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Propellant is mass which is ejected from a jet engine (of which a rocket is one possible type) to produce thrust through Newton's third law of motion.

Science Background

Note that small light molecules (ones with low molar mass), make for better propellents. The reason for this is that temperature can be thought of the average momentum of a single particle of gas. Let us look at Hydrogen gas (each molecule is made up of two hydrogen atoms) and nitrogen gas (each molecule is made up of two nitrogen atoms). Hydrogen has an approximate Gram Molar Mass (GMM) of 1 each so the H2 molecule has a GMM of 2. Nitrogen atoms has 14 GMM so N2 is 28 GMM.

The temperature is proportional of the momentum of the particles of gas and momentum is equal to mass times velocity. Hydrogen's mass is significantly (14 times) lower, so the VELOCITY of the molecules must be 14 times faster if the two gasses are held at an equal temperature. So if a rocket engine can make the fuel and oxidizer burn at a given temperature (say 1,000 C), the velocity given by the propellent to the rocket is proportional to the velocity of the ejected propellent. Thus you will get better 'fuel economy' if the GMM mass is low.

In the story "Space Cadet", the rockets in this story stored hydrogen as single atoms. (We don't know how.) The hydrogen was then triggered to combine. This made it really hot, and the exhaust gas had the lowest possible GMM of 2. All the demands of the story's plot would work if this type of fuel was available.

This makes hydrogen, H2, with a GMM of 2 an ideal propellent. However, it is not very dense, so rockets must have huge tanks to hold a lot of hydrogen, so the mass of these tanks make hydrogen less attractive. Hydrogen liquid is more dense, but it has a VERY low boiling point and the insulation to keep it cold adds to the mass of the rocket. Hydrogen is not space storable (heat leaks in and boils the liquid hydrogen) which is vented and wasted. And of course, we can't store single hydrogen atoms, so the H2, must burn with (say) O2 to produce heat.

Some examples: The most energy can be made by burning 2 hydrogen atoms for each oxygen to produce H2O (water steam) and a lot of heat. If you have extra hydrogen OR extra oxygen, some of the fuel or oxidizer is wasted and the flame is a bit cooler. But the Space Shuttle's main engines ran hydrogen rich. It was basically having hydrogen rich steam as its outflow gas. The reason for this was two fold. First, the flame temperature was a bit cooler, which is important for a reusable engine. Second the GMM of the output gas was a significantly lower which improved the efficiency of the rocket.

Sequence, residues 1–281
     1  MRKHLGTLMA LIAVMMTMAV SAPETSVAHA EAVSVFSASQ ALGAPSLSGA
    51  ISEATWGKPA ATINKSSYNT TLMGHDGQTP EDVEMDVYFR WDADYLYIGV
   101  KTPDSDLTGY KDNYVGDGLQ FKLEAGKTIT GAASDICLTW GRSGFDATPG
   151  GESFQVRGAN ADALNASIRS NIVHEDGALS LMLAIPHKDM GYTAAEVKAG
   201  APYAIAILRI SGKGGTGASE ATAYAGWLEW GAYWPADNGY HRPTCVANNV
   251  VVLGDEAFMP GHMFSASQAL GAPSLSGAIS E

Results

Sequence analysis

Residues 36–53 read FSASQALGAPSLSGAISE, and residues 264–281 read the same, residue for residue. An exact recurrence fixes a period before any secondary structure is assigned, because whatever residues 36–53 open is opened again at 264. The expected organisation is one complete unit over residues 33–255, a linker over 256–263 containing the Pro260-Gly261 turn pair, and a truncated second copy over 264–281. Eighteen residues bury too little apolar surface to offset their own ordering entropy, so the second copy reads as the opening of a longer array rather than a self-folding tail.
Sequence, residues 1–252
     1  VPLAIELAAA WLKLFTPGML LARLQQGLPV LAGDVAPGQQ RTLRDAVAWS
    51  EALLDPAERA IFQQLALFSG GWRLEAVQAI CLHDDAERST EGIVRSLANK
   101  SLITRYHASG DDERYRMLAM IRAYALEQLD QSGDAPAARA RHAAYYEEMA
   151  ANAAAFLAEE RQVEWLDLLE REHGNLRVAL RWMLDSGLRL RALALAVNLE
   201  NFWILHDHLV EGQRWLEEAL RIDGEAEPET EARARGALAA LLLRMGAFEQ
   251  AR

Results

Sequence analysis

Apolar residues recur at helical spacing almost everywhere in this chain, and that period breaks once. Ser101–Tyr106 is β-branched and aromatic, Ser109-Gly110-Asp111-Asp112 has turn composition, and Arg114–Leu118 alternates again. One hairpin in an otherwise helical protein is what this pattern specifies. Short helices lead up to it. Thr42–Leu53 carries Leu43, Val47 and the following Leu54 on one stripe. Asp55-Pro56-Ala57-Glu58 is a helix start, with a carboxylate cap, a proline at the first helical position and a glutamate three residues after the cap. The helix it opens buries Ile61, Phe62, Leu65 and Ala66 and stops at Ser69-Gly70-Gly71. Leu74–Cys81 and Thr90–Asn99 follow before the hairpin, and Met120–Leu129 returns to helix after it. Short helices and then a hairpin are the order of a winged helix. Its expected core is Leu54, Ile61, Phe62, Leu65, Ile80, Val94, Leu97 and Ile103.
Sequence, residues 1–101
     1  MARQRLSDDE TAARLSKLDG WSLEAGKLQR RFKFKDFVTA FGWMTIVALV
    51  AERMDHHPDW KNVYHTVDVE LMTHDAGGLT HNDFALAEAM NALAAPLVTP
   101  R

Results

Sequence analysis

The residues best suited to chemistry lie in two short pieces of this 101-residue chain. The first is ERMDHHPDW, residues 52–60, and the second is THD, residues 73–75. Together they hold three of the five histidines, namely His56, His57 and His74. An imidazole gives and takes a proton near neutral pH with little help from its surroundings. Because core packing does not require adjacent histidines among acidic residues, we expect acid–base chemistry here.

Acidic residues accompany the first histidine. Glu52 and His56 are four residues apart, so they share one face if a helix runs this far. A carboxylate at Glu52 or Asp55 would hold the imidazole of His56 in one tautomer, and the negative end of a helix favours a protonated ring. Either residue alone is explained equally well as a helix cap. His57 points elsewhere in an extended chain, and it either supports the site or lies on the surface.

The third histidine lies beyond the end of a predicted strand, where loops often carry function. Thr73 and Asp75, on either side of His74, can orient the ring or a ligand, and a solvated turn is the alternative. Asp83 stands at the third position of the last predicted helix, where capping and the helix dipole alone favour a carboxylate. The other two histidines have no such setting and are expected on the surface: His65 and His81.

Another example: Let us say that you have two gasses in your atmosphere, H2 and CO2. The gasses are at a given temperature at the top of the planet's atmosphere. H2 has a GMM of 2, and CO2 has one of 44 grams per mole. At the edge of space, on average, the hydrogen is travelling 22 times faster than the CO2. Some proportion of the hydrogen will be travelling faster than the escape velocity, while virtually none of the carbon dioxide will be. So hydrogen gas is slowly lost from terrestrial planets, while almost no CO2 will be. See atmospheric loss for more details.

Another example: noble gases do not chemically combine. So a particle (molecule) of hydrogen gas H2 is made up of 2 atoms, where as noble gasses have only a single atom. He gas has an excellent GMM of 4, and Ne has 20 grams per mole. These noble gasses are easily ionized so Helium would make a great propellent for an ion thruster. Electric fields can accelerate ions to VERY high velocities. However, He and Ne are rare and expensive, so argon (Ar) with a GMM of 40 is sometimes used instead. The larger atoms can lose multiple electrons which allows the electro static field can throw the gas harder (that is to say faster) than if it had just a single ionized electron. Thus the higher GMM of the argon atoms is made up for the very high velocity of the exhaust particles. Xenon (131.3 GMM) likewise can lose multiple electrons which makes up for its poorer GMM.

A propellant gets its energy from an energy source. These can be internal to the rocket, or external. In chemical propulsion, the energy source is the chemical reaction between a fuel and an oxidizer. In nuclear propulsion, the energy source is a nuclear reaction, either in a reactor or in the propellant itself (nuclear salt water rocket). In solar electric propulsion the energy source is the light from the sun, external to the rocket.

Chemical propulsion

In a chemical rocket, the propellant is the reaction product of the oxidizer and the fuel. Typical liquid combinations are hydrogen and oxygen, methane and oxygen or jet fuel and oxygen, but many mixes are available. Monopropellants are also possible combining both oxidizer and fuel in a single mixtures. Solids can also be used.

Nuclear thermal propulsion